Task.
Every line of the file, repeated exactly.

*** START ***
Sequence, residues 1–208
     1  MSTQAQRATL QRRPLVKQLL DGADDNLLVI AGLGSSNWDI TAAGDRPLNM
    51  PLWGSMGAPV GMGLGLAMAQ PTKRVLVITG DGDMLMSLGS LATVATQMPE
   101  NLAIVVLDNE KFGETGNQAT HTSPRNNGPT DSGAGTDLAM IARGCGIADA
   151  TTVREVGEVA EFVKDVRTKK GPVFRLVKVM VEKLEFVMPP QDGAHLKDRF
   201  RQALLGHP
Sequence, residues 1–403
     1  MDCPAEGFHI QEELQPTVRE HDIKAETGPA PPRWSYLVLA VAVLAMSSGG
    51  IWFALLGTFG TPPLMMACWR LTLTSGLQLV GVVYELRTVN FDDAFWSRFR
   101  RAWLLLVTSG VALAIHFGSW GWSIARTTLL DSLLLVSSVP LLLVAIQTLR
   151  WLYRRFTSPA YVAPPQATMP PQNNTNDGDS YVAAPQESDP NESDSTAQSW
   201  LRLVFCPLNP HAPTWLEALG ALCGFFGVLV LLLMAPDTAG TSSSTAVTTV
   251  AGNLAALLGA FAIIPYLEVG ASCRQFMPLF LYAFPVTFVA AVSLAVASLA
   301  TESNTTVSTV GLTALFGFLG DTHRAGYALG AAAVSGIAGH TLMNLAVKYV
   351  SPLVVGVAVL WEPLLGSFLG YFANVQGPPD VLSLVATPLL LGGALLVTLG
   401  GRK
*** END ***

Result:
Sequence, residues 1–208
     1  MSTQAQRATL QRRPLVKQLL DGADDNLLVI AGLGSSNWDI TAAGDRPLNM
    51  PLWGSMGAPV GMGLGLAMAQ PTKRVLVITG DGDMLMSLGS LATVATQMPE
   101  NLAIVVLDNE KFGETGNQAT HTSPRNNGPT DSGAGTDLAM IARGCGIADA
   151  TTVREVGEVA EFVKDVRTKK GPVFRLVKVM VEKLEFVMPP QDGAHLKDRF
   201  RQALLGHP
Sequence, residues 1–403
     1  MDCPAEGFHI QEELQPTVRE HDIKAETGPA PPRWSYLVLA VAVLAMSSGG
    51  IWFALLGTFG TPPLMMACWR LTLTSGLQLV GVVYELRTVN FDDAFWSRFR
   101  RAWLLLVTSG VALAIHFGSW GWSIARTTLL DSLLLVSSVP LLLVAIQTLR
   151  WLYRRFTSPA YVAPPQATMP PQNNTNDGDS YVAAPQESDP NESDSTAQSW
   201  LRLVFCPLNP HAPTWLEALG ALCGFFGVLV LLLMAPDTAG TSSSTAVTTV
   251  AGNLAALLGA FAIIPYLEVG ASCRQFMPLF LYAFPVTFVA AVSLAVASLA
   301  TESNTTVSTV GLTALFGFLG DTHRAGYALG AAAVSGIAGH TLMNLAVKYV
   351  SPLVVGVAVL WEPLLGSFLG YFANVQGPPD VLSLVATPLL LGGALLVTLG
   401  GRK